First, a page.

Society needs its contrarians. But there’s contrary and there’s nuts
Surely we have passed through the looking glass. We have entered the realm of belief and disbelief. This is the world of the anti-maskers.
It would be comforting to put the crack in reasoning down to how living in a pandemic can mutate the mind without it having been touched by the thing itself. But there is a frightening and depressing insinuation-cum-revelation that before the pandemic, during the pandemic and after the pandemic, the minds of some men and women were/are/will be simply devoid of reason. They might display the sensibilities of the contrarian, but they more like have the shape, and thus the sound, of empty vessels.
Wear a mask.Credit:Getty Images
In this realm of belief and disbelief, social media amplifies their grostequery of logic. There are no borders to it, no fences to contain it but the rising of defiance against it. It is impossible to know definitively how much the wash of this faux individual freedom outrage is seepage from the conspiracy swamp in America.
The New York Times last week reported examples of virus disinformation. These included the Sinclair Broadcast Group, which gave air to a conspiracist who alleged coronavirus was created by the director of the National Institute for Allergy and Infectious Diseases, Dr Anthony Fauci. There were several other examples, such as Fox News and Breitbart questioning the science and the scientists at the frontline.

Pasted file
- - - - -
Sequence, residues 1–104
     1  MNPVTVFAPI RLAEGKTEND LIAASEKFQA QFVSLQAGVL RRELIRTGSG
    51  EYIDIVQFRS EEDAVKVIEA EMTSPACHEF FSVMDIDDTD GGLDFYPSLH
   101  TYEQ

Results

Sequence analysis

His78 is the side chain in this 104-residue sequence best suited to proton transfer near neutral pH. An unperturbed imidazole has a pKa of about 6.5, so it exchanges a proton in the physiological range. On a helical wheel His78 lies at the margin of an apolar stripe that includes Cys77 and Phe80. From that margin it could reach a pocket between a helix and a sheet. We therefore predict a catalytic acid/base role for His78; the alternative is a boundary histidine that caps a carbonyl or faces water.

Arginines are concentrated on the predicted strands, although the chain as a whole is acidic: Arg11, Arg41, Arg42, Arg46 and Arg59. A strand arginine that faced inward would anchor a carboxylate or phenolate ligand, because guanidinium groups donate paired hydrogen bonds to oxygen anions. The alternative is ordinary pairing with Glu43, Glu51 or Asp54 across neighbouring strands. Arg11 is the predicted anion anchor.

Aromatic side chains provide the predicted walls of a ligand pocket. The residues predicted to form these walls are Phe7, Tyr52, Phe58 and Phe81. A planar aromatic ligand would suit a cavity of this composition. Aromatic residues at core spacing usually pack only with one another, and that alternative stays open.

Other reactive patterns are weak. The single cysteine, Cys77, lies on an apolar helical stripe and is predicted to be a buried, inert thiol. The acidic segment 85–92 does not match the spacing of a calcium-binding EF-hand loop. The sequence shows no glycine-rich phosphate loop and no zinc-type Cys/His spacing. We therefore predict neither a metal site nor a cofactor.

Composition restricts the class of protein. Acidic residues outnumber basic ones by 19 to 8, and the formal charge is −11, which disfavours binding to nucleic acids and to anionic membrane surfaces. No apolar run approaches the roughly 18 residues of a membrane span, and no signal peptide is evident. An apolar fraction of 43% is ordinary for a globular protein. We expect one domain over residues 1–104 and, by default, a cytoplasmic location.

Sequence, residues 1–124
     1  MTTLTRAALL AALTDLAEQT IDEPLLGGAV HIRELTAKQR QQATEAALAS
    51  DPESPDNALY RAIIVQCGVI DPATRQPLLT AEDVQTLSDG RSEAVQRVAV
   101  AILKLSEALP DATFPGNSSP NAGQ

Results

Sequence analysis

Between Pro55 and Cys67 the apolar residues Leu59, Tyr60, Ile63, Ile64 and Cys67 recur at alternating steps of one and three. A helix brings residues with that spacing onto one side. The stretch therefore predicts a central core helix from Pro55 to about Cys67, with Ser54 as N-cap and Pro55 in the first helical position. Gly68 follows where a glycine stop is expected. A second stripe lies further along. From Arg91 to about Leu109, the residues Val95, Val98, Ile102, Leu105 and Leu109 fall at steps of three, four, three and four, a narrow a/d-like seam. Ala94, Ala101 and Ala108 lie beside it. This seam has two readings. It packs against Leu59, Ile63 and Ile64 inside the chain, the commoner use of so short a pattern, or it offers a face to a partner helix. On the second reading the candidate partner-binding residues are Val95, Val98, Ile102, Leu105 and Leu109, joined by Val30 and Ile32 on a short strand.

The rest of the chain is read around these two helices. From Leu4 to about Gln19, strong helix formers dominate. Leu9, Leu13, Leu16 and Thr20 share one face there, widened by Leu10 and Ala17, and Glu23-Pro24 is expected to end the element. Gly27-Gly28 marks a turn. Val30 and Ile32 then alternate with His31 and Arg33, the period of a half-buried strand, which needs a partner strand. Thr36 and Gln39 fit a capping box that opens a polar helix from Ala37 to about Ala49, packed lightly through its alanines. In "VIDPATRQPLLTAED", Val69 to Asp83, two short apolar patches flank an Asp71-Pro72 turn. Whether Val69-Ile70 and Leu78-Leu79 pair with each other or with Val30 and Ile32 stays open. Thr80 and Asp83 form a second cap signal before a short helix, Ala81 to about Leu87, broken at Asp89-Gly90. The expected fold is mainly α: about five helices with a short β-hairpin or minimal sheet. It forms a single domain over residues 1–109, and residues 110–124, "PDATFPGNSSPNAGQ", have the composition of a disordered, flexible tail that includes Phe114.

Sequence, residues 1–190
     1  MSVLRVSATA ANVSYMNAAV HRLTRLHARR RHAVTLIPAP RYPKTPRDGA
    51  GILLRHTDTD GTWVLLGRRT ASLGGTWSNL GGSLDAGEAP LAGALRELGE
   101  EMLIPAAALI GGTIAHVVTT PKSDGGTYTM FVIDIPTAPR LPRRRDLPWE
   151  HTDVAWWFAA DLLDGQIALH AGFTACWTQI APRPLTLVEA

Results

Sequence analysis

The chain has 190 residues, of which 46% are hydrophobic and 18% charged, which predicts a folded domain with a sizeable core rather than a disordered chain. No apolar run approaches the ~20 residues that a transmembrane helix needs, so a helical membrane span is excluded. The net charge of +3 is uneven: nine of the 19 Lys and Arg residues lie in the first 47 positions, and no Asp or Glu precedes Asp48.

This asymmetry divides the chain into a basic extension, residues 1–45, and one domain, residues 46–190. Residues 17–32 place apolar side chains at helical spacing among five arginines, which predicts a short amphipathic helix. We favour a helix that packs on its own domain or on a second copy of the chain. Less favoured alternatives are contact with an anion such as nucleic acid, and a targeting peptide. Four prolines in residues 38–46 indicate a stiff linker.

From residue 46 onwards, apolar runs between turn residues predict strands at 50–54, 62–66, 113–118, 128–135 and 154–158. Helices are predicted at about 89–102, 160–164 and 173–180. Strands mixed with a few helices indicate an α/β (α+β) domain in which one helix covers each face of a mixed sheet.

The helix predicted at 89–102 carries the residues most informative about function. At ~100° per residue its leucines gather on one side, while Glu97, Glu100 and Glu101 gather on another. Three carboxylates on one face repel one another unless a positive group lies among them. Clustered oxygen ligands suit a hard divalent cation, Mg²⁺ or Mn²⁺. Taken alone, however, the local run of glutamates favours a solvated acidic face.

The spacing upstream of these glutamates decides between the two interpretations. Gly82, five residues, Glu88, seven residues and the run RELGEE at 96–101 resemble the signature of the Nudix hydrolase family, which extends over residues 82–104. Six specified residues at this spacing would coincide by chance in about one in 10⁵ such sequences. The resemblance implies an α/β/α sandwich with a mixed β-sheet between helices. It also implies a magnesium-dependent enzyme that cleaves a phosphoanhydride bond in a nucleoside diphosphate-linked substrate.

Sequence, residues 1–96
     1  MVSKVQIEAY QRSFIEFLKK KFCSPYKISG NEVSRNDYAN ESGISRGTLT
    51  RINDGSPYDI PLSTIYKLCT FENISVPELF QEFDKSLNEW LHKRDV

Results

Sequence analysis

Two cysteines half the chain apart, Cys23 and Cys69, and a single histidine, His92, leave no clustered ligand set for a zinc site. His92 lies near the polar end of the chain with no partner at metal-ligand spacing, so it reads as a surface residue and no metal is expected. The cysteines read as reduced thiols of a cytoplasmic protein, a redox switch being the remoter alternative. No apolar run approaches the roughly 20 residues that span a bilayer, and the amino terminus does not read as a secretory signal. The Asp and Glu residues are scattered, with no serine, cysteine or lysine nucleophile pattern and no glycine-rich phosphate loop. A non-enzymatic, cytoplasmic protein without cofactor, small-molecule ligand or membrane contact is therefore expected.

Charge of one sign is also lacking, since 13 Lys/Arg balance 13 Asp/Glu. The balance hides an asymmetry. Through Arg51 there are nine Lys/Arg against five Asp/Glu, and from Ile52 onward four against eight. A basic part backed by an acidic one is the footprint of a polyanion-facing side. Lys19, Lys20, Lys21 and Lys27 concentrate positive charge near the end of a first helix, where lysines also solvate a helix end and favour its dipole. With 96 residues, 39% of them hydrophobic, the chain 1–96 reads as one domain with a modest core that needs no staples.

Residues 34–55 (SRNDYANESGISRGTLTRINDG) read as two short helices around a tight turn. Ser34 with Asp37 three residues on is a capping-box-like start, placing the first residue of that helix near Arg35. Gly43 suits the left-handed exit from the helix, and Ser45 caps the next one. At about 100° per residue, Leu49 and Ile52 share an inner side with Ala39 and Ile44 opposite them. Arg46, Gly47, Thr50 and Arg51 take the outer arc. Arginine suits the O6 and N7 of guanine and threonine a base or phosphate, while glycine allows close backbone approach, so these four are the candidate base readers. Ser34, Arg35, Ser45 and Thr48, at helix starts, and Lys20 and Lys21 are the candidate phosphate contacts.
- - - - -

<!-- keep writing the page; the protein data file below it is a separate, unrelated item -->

Sure, society needs its contrarians, just as it needs its sceptics, to offer an alternative view. If nothing else it creates a pause in the flow of the mainstream to consider deeply a subject after the chatter has subsided. But there’s contrary and there’s nuts. And there’s dangerous.
One can, of course, say one doesn’t agree with a person, but will defend to the death that person’s right to say it. But in a pandemic, where the transmission of possible death is but a breath away, the maxim doesn’t hold, cannot hold. And really would you want to defend someone who can draw the shaky conclusion that they could just as easily fall off a cliff and die, but the state hasn’t banned cliffs with that of this pandemic? Perhaps if the cliffs started marching towards aged care homes . . .
The maxim cannot hold in utterances from the political stage or from the local Bunnings. Perhaps if the speaker were in a cave 1000 kilometres from the next human then, possibly, yes. They can assert their rights, such as to not wear a mask. No one will hear him, and thus to all others, their words don’t exist. However, what weight should one attach to that right in a pandemic? None.
Individual freedom in such a time as this is a luxury, an indulgent spoilt brat play. As Daniel Andrews made the point, and displayed heroic self-discipline in not exploding in doing so, there’s no freedom of choice when that freedom can lead to your or someone else’s death.
What, then, is the equation at work? My freedom of expression is worth more than your life?
Wear a mask.
Warwick McFadyen is a desk editor for The Age.
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